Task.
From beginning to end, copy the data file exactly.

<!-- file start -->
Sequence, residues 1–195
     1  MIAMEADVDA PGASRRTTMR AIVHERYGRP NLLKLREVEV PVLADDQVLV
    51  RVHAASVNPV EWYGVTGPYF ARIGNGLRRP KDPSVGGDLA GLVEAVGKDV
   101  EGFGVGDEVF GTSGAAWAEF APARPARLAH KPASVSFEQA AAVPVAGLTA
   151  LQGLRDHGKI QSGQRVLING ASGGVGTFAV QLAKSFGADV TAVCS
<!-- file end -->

Sequence, residues 1–195
     1  MIAMEADVDA PGASRRTTMR AIVHERYGRP NLLKLREVEV PVLADDQVLV
    51  RVHAASVNPV EWYGVTGPYF ARIGNGLRRP KDPSVGGDLA GLVEAVGKDV
   101  EGFGVGDEVF GTSGAAWAEF APARPARLAH KPASVSFEQA AAVPVAGLTA
   151  LQGLRDHGKI QSGQRVLING ASGGVGTFAV QLAKSFGADV TAVCS